Corinn’s Definitely Not Traditional Chicken Curry
Nutrition facts for two generous servings
4 chicken thighs, bone-in, skin removed
1 large yellow or white onion, chopped
1 large red bell pepper, chopped
2 jalapeno chilies, sliced
4 cloves garlic, minced finely
1 tsp fresh ginger, minced
3 tbsp curry powder
2 tbsp paprika
2 tbsp Korean red pepper flakes (if you cannot find it in your neighborhood, look for it online as the flavor is essential to Korean cooking!)
1 tsp ground coriander
1/2 tsp red chili flakes
1 tsp brown sugar or palm sugar
1 tbsp Sriracha chili sauce
2 tsp fresh ground black pepper
2 tsp kosher salt
1 tbsp olive oil
3 1/2 cups of chicken stock (low sodium type, or make your own)
Squeeze of lime juice
Start a pot of rice boiling (I find basmati rice to be best for this recipe as it's quite dry and will readily absorb the sauce). Reserve 1 1/2 cups of the starchy rice water when the water starts to become very cloudy and opaque.
Place a large pot on the stove and add olive oil. On medium high heat, place the chicken thighs in to brown in the olive oil (don't let it get too hot).
Once the chicken is browned on both sides, add prepared chopped vegetables. Stir together and add dry spices, sugar and salt. Fry for about five minutes until the curry powder, paprika, coriander and Korean red pepper flakes become fragrant and start to caramelize slightly.
Add the cup of starchy rice water and Sriracha; stir to deglaze the pot.
Add the chicken stock and reduce the heat to medium. Simmer uncovered for 30-45 minutes until the liquid has reduced.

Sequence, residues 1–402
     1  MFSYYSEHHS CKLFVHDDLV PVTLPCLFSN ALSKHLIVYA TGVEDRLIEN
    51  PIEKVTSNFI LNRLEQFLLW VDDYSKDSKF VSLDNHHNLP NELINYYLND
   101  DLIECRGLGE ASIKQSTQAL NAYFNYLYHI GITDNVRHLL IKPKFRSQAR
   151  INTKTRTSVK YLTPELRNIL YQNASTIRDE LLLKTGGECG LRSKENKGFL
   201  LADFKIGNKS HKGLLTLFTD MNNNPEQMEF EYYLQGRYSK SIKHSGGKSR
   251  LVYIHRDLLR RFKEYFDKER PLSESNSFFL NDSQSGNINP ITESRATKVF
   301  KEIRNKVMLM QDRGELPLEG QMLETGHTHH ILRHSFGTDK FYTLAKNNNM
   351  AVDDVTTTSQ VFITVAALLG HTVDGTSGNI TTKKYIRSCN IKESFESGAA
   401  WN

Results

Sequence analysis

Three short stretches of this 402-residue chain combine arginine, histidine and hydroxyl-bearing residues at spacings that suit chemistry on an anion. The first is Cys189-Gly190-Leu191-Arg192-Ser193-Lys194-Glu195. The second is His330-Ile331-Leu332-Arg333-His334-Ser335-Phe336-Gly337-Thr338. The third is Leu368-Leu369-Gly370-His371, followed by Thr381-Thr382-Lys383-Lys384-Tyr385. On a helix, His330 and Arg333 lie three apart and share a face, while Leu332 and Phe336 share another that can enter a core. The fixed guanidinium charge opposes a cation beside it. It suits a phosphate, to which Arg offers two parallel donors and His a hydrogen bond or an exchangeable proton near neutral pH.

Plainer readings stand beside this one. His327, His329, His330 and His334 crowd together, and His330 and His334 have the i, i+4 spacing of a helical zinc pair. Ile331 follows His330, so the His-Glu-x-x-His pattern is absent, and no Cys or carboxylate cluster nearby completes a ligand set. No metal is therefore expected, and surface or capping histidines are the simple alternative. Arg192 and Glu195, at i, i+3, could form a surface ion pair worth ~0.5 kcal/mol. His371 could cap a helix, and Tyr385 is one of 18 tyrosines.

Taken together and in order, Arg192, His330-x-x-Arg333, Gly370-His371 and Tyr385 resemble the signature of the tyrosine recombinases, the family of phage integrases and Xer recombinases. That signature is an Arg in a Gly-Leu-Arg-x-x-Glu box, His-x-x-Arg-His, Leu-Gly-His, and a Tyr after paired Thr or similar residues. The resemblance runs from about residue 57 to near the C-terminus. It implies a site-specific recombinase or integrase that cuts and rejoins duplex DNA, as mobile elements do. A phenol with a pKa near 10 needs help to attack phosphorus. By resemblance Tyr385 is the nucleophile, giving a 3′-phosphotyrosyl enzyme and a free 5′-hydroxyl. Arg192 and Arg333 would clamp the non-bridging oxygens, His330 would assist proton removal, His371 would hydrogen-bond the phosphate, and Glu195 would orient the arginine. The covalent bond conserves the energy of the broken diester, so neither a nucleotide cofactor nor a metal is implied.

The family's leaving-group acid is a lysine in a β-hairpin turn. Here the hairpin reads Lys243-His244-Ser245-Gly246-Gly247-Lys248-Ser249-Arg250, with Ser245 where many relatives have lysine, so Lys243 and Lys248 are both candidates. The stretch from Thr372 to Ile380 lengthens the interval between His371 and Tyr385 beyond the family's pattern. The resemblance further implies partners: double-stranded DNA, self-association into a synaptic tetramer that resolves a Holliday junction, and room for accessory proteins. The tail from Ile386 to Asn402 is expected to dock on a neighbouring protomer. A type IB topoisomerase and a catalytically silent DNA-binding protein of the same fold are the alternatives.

Turn the heat off and add diced tomatoes, lime juice and chopped coriander.
Serve immediately over rice or with bread.
Personally I like it best in a bowl served with a good baguette for dipping, as I'm not a huge rice fan, but the starchy water from the rice is absolutely essential to getting the sauce to be the correct consistency. If you intend to serve the curry with bread, you still need to cook the rice (you can throw it in the fridge and make fried rice with it the next evening).
There is really no substitute for the Korean red pepper flakes. They are a very intense deep red in color and if you don't use them, the dish will have a much more yellow color and the flavor will be different. If you don't have Korean red pepper flakes and absolutely cannot get them, adding equivalent of additional paprika will correct the color issue, but the flavor will be altered.